2. If the OSD is for a disk other than the OS disk, prepare it for use with Ceph, and mount it to the directory you just created:

    ssh {new-osd-host}
    sudo mkfs -t {fstype} /dev/{disk}
    sudo mount -o user_xattr /dev/{hdd} /var/lib/ceph/osd/ceph-{osd-number}
    
  3. Navigate to the host where you keep the master copy of the cluster’s ceph.conf file.

    ssh {admin-host}
    cd /etc/ceph
    vim ceph.conf
    
  4. Add the new OSD to your ceph.conf file.

    [osd.123]
        host = {hostname}
    
  5. From the host where you keep the master copy of the cluster’s ceph.conf file, copy the updated ceph.conf file to your new OSD’s /etc/ceph directory and to other hosts in your cluster.

    ssh {new-osd} sudo tee /etc/ceph/ceph.conf < /etc/ceph/ceph.conf
    
  6. Create the OSD. If no UUID is given, it will be set automatically when the OSD starts up.

    ceph osd create [{uuid}]
    
  7. Initialize the OSD data directory.

    ssh {new-osd-host}
    ceph-osd -i {osd-num} --mkfs --mkkey
    

    The directory must be empty before you can run ceph-osd.

  8. Register the OSD authentication key. The value of ceph for ceph-{osd-num} in the path is the $cluster-$id. If your cluster name differs from ceph, use your cluster name instead.:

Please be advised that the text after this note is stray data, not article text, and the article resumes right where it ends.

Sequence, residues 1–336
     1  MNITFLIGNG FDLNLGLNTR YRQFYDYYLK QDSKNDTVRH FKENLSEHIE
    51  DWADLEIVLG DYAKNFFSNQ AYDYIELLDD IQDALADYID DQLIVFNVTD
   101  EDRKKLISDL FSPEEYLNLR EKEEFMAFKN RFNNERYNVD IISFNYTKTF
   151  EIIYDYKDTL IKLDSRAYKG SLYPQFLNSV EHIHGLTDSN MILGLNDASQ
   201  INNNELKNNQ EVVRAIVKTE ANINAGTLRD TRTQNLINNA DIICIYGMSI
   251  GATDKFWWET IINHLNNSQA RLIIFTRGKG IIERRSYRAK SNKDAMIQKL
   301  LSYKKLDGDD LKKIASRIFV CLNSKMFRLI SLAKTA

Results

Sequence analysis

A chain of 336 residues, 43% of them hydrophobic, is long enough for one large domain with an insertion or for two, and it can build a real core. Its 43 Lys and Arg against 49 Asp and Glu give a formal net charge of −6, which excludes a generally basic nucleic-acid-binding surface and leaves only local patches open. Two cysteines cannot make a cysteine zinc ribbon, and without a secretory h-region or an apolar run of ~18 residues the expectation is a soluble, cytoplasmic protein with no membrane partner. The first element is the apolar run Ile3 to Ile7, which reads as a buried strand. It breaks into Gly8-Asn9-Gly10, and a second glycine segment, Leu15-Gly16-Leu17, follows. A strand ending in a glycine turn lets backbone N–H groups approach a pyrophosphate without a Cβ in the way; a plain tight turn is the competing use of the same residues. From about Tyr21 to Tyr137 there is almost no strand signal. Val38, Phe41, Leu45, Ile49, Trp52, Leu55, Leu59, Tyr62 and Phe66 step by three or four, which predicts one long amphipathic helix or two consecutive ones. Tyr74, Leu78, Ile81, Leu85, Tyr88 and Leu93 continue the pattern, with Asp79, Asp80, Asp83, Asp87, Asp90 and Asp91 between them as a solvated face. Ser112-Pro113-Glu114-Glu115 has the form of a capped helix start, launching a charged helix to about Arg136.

ceph auth add osd.{osd-num} osd 'allow *' mon 'allow rwx' -i /var/lib/ceph/osd/ceph-{osd-num}/keyring
    
  9. Add the OSD to the CRUSH map so that it can begin receiving data. You may also decompile the CRUSH map, add the OSD to the device list, add the host as a bucket (if it’s not already in the CRUSH map), add the device as an item in the host, assign it a weight, recompile it and set it. See Add/Move an OSD for details.

    ceph osd crush set {id} {name} {weight} pool={pool-name}  [{bucket-type}={bucket-name} ...]
    

Argonaut (v0.48) Best Practices

To limit impact on user I/O performance, add an OSD to the CRUSH map with an initial weight of 0. Then, ramp up the CRUSH weight a little bit at a time. For example, to ramp by increments of 0.2, start with:

ceph osd crush reweight {osd-id} .2

and allow migration to complete before reweighting to 0.4, 0.6, and so on until the desired CRUSH weight is reached.

To limit the impact of OSD failures, you can set:

mon osd down out interval = 0

which prevents down OSDs from automatically being marked out, and then ramp them down manually with:

ceph osd reweight {osd-num} .8

Again, wait for the cluster to finish migrating data, and then adjust the weight further until you reach a weight of 0. Note that this problem prevents the cluster to automatically re-replicate data after a failure, so please ensure that sufficient monitoring is in place for an administrator to intervene promptly.